(146 N.E.) It is urged by defendant in error that he fendant the agent designated by the Presitook the earliest opportunity to make the mo- dent under the provisions of the Transportion to substitute plaintiff in error for the tation Act. This right was denied, and the Southern Railway Company, and that there- New York Court of Appeals sustained the fore it cannot be said that the limitation order of the lower court. A writ of certiorari of the Transportation Act bad run against was denied by the Supreme Court of the him. Since, as we have seen, there was no United States in that case. 263 U. S. 706, cause of action against the government, and 44 S. Ct. 34, 68 L. Ed. 516. To the same efthe Director General was in no wise a party fect are Dubied v. Pennsylvania Railway Co., to the original petition for compensation, 235 N. Y. 572, 139 N. E. 739, and Weil v. there was no one for whom the Director New York Central Railroad Co., 235 N. Y. General, as Agent, under the Transportation 570, 139 N. E. 738. Act, could be substituted. Defendant in er- Defendant in error cites Payne v. Hayes, ror had ample opportunity, after the pay- 25 Ga. App. 730, 104 S. E. 917, and Lanier ment of compensation was stopped, to file v. Pullman Co., 180 N. C. 406, 105 S. E. 21, a proceeding against the proper agent or rep-as sustaining his contention that he has resentative of the federal government. This here a right of substitution. The former of was not done, and he cannot now complain these cases holds that the Director General because the limitation of the Transportation under Railroad Administration or Agent unAct prevents further opportunity.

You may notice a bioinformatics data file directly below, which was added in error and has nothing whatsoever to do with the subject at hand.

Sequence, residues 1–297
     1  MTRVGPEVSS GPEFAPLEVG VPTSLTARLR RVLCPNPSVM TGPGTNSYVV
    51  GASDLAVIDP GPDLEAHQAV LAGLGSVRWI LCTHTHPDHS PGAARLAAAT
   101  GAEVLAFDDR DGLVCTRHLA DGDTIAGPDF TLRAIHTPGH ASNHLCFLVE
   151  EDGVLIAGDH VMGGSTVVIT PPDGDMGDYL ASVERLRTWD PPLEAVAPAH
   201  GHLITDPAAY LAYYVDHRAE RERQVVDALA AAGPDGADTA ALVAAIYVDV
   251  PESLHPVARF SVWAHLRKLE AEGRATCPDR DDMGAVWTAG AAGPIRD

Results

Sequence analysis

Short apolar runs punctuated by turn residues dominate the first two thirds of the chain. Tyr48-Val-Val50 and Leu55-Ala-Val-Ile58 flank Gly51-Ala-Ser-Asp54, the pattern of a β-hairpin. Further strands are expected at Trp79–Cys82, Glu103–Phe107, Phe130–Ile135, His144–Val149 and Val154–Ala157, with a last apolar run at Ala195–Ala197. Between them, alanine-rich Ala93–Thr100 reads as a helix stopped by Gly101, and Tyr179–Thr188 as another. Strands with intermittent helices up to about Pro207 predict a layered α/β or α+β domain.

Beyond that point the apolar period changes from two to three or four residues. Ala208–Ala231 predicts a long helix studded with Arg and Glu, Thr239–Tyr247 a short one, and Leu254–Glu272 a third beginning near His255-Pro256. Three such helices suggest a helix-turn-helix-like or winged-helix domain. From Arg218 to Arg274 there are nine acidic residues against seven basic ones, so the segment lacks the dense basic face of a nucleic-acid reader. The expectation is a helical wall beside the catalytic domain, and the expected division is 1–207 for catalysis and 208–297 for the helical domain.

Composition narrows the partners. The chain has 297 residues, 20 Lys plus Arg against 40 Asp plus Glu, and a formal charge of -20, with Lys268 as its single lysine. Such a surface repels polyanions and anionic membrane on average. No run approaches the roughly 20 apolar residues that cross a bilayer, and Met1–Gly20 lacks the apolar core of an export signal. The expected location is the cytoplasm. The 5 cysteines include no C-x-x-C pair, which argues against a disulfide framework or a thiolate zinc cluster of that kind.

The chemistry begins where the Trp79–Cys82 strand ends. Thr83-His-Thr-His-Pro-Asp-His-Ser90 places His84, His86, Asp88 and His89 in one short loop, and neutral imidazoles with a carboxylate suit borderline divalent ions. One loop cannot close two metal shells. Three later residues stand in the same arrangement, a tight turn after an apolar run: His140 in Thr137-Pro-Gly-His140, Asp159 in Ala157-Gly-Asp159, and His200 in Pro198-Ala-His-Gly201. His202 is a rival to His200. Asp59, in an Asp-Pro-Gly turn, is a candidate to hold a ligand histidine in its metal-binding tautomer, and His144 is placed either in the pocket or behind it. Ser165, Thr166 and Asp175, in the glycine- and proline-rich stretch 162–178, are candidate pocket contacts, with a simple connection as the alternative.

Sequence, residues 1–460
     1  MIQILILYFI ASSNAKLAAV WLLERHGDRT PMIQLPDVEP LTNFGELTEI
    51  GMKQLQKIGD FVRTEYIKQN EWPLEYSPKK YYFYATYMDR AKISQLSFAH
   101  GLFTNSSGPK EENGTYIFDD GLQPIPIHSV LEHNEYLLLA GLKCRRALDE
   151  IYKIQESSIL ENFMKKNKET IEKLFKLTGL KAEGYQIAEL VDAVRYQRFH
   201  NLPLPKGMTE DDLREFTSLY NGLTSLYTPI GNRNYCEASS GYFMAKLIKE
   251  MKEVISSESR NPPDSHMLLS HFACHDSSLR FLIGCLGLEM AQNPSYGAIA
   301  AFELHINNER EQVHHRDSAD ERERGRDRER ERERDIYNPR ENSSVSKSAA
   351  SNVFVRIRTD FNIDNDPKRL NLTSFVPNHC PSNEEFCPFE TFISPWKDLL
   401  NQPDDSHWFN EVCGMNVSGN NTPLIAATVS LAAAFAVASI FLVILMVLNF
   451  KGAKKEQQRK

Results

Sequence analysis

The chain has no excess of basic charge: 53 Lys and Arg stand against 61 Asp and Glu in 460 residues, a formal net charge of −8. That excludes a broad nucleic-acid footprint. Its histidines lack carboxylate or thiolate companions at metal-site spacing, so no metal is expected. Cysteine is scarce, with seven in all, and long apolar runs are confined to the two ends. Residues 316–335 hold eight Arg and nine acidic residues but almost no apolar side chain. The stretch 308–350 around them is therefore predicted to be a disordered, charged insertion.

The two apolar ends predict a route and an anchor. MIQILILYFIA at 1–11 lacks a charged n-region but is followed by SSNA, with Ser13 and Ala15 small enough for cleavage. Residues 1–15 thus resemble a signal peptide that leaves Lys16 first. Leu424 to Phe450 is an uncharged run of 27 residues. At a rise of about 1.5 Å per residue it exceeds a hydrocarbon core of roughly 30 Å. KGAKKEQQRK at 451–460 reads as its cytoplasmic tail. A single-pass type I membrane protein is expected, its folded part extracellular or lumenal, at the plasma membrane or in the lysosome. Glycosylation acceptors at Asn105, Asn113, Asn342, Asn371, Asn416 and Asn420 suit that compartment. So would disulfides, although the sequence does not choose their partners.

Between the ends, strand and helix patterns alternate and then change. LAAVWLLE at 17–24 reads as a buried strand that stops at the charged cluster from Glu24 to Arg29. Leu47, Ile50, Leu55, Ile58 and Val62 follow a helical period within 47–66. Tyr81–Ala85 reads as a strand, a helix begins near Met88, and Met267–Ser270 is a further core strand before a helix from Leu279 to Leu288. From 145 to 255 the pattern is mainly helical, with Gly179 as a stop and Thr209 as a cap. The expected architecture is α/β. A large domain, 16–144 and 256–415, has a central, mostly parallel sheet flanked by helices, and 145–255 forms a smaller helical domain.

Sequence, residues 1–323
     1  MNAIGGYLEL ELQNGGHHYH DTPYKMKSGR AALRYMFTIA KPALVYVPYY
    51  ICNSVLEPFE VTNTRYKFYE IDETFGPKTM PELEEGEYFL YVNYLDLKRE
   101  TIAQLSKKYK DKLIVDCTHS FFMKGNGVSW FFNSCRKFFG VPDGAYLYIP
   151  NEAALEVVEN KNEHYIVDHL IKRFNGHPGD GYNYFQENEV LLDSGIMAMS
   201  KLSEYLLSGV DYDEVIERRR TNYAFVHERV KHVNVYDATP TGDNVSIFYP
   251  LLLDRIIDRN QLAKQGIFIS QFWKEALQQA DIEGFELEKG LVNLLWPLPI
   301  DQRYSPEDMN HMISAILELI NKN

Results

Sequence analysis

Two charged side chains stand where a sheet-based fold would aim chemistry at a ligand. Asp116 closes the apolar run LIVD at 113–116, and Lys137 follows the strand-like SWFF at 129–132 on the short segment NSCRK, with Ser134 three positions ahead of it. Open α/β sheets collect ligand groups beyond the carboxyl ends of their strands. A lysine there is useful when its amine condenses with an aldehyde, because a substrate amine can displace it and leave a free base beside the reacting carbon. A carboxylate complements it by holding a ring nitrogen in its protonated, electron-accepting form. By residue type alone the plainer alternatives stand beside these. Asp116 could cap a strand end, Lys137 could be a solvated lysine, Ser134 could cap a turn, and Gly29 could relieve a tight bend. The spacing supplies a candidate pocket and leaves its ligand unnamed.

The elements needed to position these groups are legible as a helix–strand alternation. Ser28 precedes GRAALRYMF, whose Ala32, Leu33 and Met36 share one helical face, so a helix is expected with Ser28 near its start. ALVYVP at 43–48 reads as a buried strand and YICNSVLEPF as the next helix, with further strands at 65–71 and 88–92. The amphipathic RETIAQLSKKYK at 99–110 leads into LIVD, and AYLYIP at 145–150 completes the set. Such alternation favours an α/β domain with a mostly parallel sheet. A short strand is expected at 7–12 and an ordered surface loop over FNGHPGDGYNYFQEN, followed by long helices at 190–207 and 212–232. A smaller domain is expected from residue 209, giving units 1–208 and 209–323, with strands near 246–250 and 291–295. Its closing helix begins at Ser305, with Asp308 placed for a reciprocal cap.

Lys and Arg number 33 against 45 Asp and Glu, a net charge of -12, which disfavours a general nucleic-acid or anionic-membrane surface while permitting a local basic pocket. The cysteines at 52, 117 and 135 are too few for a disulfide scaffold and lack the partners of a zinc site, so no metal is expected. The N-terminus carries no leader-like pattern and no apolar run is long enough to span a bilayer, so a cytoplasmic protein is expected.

der the Transportation Act may be made In Fahey v. Davis, 224 Mich. 371, 195 N. a party defendant by amendment, but it is W. 46, it was held that the Transportation not authority for the proposition that suit Act of 1920, terminating federal control of against the railroad is suit against the Dirailroads on March 1, 1920, and authorizing rector General. The effect of the limitation suits arising out of federal control to be of section 206 of the Transportation Act brought thereafter against an agent designat was not discussed. In the latter case it was ed by the President within the time limited held that the question of misjoinder or nontherein, and authorizing the substitution of joinder of proper parties was not properly such agent for the Director General in suits raised in the case and was not decided. The pending at the time of the termination of statute of limitations was likewise not infederal control, did not apply to actions volved. It holds that a railroad may be brought against a railroad prior to termina- sued under the Act of Congress of March 21, tion of federal control. It was held that 1918 (40 U. S. Stat. p. 456 (U. S. Comp. St. such cases could not be said to be pending at 1918, U. $. Comp. St. Ann. Supp. 1919, 88 the time of such termination within the 311534a-311534p]), just as it could be sued meaning of that statute, and the substitution prior to federal control, and that when it of the agent designated by the President for was sued it was incumbent upon the Directhe railroad was not authorized.